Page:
What happens if youíre late on making a rental payment? Do they wipe all your files off the server? And what of major breakdowns? Even with those in-tandem disk drives (known as RAID -- Redundant Array of Inexpensive Disks -- systems, dual hard drives that store the same exact information so if one breaks down the other can be used for data recovery) mass failure can still occur. (This can certainly happen on your own system as well, so the day your hard drive eats the big-one is the day you lose everything on your system if you donít back up your information to something like a Zip, CD-R or Travan tape storage unit.)
On the positive side, rental based applications allow groups of people at distant locations to work on similar projects. A department head in New York can review customer service letters written by the various branch offices without formally requesting copies. Bank presentation departments at the various branches can pool their efforts on some new project.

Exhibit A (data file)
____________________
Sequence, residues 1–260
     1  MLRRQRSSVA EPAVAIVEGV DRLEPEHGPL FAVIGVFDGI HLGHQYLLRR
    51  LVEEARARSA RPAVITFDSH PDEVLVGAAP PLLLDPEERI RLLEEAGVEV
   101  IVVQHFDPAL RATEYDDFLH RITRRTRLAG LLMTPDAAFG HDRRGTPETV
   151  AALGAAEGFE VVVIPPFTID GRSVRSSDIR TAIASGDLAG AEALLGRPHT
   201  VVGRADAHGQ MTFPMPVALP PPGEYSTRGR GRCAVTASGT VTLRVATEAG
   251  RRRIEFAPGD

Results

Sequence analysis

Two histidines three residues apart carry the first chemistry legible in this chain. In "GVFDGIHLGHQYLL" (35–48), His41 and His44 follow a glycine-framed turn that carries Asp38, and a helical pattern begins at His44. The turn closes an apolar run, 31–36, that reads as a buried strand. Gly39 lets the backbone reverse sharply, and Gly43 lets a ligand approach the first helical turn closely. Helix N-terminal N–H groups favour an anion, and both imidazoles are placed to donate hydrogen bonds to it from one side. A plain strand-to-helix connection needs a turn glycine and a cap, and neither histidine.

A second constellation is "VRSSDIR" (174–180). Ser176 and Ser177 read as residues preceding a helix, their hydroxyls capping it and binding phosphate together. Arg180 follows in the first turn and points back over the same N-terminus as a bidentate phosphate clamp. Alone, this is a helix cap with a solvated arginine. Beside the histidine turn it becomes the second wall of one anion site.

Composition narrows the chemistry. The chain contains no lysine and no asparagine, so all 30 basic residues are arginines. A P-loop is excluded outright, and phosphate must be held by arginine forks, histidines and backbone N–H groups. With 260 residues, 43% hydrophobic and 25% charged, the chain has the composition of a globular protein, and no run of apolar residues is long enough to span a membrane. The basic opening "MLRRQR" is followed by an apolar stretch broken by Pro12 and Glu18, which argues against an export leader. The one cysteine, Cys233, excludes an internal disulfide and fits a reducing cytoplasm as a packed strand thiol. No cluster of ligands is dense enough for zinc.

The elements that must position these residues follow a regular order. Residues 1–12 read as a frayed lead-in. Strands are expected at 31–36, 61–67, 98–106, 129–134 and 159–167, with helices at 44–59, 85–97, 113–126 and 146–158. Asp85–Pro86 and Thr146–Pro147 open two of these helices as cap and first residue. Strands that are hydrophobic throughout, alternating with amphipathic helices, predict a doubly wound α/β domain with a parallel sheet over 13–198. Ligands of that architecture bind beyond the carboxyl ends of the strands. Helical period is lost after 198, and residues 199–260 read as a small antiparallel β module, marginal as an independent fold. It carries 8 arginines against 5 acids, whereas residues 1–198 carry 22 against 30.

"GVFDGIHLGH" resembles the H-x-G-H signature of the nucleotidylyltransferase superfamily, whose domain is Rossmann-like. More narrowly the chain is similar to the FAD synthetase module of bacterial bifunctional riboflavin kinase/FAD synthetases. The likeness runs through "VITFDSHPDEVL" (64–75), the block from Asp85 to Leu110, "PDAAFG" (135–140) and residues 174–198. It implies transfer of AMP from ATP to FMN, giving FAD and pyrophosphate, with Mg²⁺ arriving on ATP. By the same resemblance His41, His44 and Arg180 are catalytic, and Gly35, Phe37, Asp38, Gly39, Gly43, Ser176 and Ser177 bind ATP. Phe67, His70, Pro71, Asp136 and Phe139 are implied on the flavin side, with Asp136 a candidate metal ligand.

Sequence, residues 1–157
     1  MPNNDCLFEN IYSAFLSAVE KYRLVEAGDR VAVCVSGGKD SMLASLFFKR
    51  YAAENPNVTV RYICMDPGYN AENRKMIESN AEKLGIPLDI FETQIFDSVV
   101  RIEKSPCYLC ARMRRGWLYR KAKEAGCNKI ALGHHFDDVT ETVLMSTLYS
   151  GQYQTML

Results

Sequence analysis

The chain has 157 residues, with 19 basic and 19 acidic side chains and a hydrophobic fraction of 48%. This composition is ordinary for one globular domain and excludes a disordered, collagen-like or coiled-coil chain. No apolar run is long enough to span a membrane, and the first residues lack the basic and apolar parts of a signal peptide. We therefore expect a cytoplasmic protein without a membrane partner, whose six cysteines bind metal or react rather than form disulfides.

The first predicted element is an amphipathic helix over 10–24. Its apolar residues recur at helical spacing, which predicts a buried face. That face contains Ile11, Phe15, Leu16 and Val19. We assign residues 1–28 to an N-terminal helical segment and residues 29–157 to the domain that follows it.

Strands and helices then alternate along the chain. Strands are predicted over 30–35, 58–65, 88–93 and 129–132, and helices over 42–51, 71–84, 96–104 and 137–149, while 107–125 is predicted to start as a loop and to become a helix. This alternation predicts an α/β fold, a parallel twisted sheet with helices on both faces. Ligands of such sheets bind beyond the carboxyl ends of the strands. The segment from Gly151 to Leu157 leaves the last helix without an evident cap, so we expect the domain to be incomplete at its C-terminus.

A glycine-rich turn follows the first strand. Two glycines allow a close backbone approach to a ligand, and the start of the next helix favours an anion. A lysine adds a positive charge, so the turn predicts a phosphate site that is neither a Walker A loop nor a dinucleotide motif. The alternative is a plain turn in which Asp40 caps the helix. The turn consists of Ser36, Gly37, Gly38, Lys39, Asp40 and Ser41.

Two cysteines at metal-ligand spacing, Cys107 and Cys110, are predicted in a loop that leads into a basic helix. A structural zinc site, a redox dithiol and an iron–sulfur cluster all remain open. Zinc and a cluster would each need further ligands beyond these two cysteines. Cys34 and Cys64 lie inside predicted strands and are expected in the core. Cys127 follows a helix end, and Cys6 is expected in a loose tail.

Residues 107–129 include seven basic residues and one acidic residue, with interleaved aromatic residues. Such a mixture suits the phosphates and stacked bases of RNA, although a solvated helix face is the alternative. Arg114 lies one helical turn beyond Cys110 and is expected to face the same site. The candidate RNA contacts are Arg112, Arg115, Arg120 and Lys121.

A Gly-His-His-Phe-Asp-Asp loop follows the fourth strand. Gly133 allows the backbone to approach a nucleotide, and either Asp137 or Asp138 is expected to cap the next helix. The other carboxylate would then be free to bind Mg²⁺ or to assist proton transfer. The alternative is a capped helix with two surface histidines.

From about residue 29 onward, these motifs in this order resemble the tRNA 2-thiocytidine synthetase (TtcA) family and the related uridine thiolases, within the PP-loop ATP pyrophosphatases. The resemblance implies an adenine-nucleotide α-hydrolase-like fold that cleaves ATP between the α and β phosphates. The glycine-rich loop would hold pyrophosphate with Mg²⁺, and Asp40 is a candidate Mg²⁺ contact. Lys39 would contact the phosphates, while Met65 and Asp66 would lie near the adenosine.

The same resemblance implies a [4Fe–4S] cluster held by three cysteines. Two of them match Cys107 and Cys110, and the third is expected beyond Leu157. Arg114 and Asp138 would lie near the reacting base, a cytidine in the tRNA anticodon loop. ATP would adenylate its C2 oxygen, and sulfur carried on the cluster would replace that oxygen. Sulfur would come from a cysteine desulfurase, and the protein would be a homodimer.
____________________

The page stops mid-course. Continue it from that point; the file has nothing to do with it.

Of course, some companies already do this using their dedicated WAN (Wide Area Networking) system. But smaller companies who canít afford a dedicated WAN now have an opportunity to work collectively from remote locations, even at home. If you need to see some letter you wrote a month ago on Sunday night you simply connect to the ASP site, log-in and find the file you need and read it, but you may not be able to print it out on all ASP systems. There are still some printer problems some providers have to overcome.
There are also few, if any, "hot" applications readily available. The high-end stuff, like Adobe Illustrator, Photoshop, Auto CAD and even the esoteric offering like the fancy (and expensive) professional animation program MAYA, which, if available on a rental site, would open up a whole new world to schools, students, artists and casual home users who would never purchase such a program, but might want to play around with it for say $20 or $50 a month. Programs like these could, of course, become readily available if the concept of web-based rental applications catches on with the masses.